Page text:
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Showing posts from 2013

How To Make Your Browser A Little More Secure

I searched high and low on the internet for a guide to secure my browsing session and disable web servers from preferring insecure SSL sessions. Many websites, such as amazon.com, in an effort to gain better performance, will prefer slightly more insecure methods for establishing a secure SSL session. Unfortunately, I have not found a way to override that preference with the client (browser) preference instead. However, it's probably a better idea to disable any and all weak encryption algorithms in any ways. Two very useful link to verify both a browser and web server's security stance is given below:

Browser accepted security protocols:
https://cc.dcsec.uni-hannover.de/

Web Server accepted security protocols:
https://www.ssllabs.com/ssltest/index.html

Step 1: 
Stop using browsers that do not support SSL encryption algorithm configuration. (Sorry Chrome)

Step 2: 
Download Firefox, which does allow one to

Step 3: 
Go To: about:config

Step 4: 
Search: security.ssl3.

Step 5: 
Set all t…

Store Script Passwords Securely in Mac OS X

I frequently use scripts that contain passwords. Since storing these pose somewhat of a security risk, I started researching ways to not store any passwords in my scripts, but rather in my Mac OS X keychain or some other keychain such as Ubuntu's keychain. Since most of my scripts are python based these days, the following two lines of Python code rely on Mac OS X's 'security' command to read and print a password from your keychain:

1: import subprocess as sub 2: password_cmd= ['security','find-generic-password','-s','booger','-g'] 3: password_dcrypt = sub.Popen(password_cmd,stdout=sub.PIPE,stderr=sub.PIPE).communicate()[1].rstrip().split(':')[1].lstrip().lstrip('"').rstrip('"')
This can of course be done in shell scripts just as easily:

1: password_dcrypt=$(security find-generic-password -s booger -g 2>&1|perl -lne 'print $1 if m/password: \"(.+?)\"/g')
Of course, …

Ping utility that targets a specific port

Frequently I reboot servers and while I wait for them to come back up, I ping them to see when they are "back up" However, even after I receie a positive ping response back from the server, it still takes a while before SSH is initialized.

I wrote my own python-based ping utility that allows one to ping a specific port on a remote host. The utility has three modes: (1) One time, (2) Infinite, and (3) Set number of times.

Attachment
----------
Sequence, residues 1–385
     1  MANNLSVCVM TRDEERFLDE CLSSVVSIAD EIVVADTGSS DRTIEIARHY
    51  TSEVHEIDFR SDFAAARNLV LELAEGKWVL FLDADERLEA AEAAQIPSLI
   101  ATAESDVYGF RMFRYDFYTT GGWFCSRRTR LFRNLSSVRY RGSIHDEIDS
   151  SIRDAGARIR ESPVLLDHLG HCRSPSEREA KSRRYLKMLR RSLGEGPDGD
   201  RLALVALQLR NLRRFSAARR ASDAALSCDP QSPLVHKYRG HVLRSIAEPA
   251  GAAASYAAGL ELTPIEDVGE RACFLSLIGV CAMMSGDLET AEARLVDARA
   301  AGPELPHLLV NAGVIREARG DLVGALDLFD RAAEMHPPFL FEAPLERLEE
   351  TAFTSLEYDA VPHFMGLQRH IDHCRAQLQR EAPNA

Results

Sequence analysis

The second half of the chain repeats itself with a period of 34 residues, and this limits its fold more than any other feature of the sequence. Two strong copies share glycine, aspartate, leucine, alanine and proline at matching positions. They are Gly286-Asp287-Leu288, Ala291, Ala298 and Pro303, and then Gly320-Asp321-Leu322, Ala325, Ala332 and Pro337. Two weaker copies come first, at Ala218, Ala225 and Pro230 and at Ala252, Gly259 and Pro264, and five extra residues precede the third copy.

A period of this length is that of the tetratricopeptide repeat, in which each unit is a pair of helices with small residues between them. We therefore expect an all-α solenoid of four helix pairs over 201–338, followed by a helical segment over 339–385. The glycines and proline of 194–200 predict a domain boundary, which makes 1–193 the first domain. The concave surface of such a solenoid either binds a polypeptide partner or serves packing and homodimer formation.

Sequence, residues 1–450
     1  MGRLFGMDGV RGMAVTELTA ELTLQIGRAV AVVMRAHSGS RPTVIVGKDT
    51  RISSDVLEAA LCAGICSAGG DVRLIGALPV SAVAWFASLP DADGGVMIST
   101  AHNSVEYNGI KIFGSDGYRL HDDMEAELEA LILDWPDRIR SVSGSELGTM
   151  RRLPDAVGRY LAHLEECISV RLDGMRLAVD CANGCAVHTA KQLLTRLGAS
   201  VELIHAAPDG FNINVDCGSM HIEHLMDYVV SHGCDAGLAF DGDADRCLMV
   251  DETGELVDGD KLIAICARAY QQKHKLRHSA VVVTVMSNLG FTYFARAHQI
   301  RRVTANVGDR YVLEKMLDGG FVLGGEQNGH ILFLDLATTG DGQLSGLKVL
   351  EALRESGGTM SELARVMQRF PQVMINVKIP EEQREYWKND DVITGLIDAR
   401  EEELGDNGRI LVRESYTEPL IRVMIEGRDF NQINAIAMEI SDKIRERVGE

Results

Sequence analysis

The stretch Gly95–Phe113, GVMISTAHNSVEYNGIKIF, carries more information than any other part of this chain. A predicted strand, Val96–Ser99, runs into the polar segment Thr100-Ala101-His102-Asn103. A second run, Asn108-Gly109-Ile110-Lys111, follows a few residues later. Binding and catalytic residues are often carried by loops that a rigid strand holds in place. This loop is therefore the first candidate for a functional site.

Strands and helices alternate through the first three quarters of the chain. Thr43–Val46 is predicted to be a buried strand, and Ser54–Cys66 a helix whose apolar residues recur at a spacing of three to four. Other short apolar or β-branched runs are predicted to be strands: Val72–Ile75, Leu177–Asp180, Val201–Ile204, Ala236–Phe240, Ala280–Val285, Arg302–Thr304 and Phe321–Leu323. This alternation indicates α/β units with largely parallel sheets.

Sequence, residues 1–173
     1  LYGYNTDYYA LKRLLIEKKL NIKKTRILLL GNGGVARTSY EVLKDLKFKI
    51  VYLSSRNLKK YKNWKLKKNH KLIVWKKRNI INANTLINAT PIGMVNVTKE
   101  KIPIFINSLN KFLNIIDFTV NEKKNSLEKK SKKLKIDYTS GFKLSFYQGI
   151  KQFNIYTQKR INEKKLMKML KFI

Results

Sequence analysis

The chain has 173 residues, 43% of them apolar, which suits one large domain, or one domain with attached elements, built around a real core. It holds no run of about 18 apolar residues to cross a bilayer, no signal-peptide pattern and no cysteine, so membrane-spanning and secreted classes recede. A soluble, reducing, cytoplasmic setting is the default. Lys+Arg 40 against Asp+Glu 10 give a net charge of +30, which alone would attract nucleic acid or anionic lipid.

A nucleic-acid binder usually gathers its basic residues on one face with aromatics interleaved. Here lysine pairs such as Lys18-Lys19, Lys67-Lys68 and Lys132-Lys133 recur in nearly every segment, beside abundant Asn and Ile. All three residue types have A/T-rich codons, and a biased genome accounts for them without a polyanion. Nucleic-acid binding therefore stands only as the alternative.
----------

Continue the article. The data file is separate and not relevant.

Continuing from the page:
./port_ping.py hostname port #(one time)
./port_ping.py hostname port -n inf #(indefinitely)
./port_ping.py hostname port -n num #(num times)

(NB: I'm still in the process of cleaning this up and making it pretty. In the future, I am considering making it mimic the standard GNU ping utility's syntax.)

Code:

Checking your final grades at Auburn...automatically!!!

During finals week, I found myself constantly checking the Auburn University site to see if new grades are posted. At the time, I did not know that they actually only post grades at midnight. I ended up using Python, BeautifulSoup, and other tools to log in and grab the final grades site, parse for new classes, and then send a push notification if new ones were found. Prowl is the only good push notification app for iOS that I'm aware of. If you are using Android, there exists numerous ones and you can modify as needed. To get this script running, put it in a python (.py) file, and run it through your favorite scheduler. I use launchd on my Mac and cron on Linux. Happy finals and may the curve be ever in your favor! 1: #!/usr/bin/env python 2: from BeautifulSoup import BeautifulSoup 3: import mechanize, sys, re, time, shelve 4: import prowlpy 5: 6: shelve_file = 'grades.pyshelf' 7: apikey = '123khlkjh1l23kjh12l3kjh13lk12hj3lk12jh31lkj3h213lkjh123…

School Spirit in the Terminal

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Some years back I converted an Auburn University logo to ASCII text using an online ASCII text generator and then colorized it using Perl. I place this file in my home directory as an invisible file named .auburn_logo.pl, and call it from my .bash_profile or .profile. It's sure to impress your friends when you pull up a new terminal window.

See code below:

1: #!/usr/bin/env perl 2: use strict; 3: use Term::ANSIColor qw(:constants); 4: 5: my $auburn = ' 6: 88888888888 7: 888888888888 8: 88OIIIIIII8888 9: 888IIIIIIIII8888 10: 888IIIIIIIIIII888? 11: 888888888888888888888888 888IIIIIIIIIIIII8888 888888888888888888888888 12: 88IIIIIIIIIIIIIIIIIIII88 888IIIIIII8IIIIIII888 88IIIIIIIIIIIIIIIIIIII88 13: 88IIIIIIIIIIIIIIIIIIII88 888IIIIIII888IIIIIII888 88IIIIIIIIIIIIIIIIIIII8…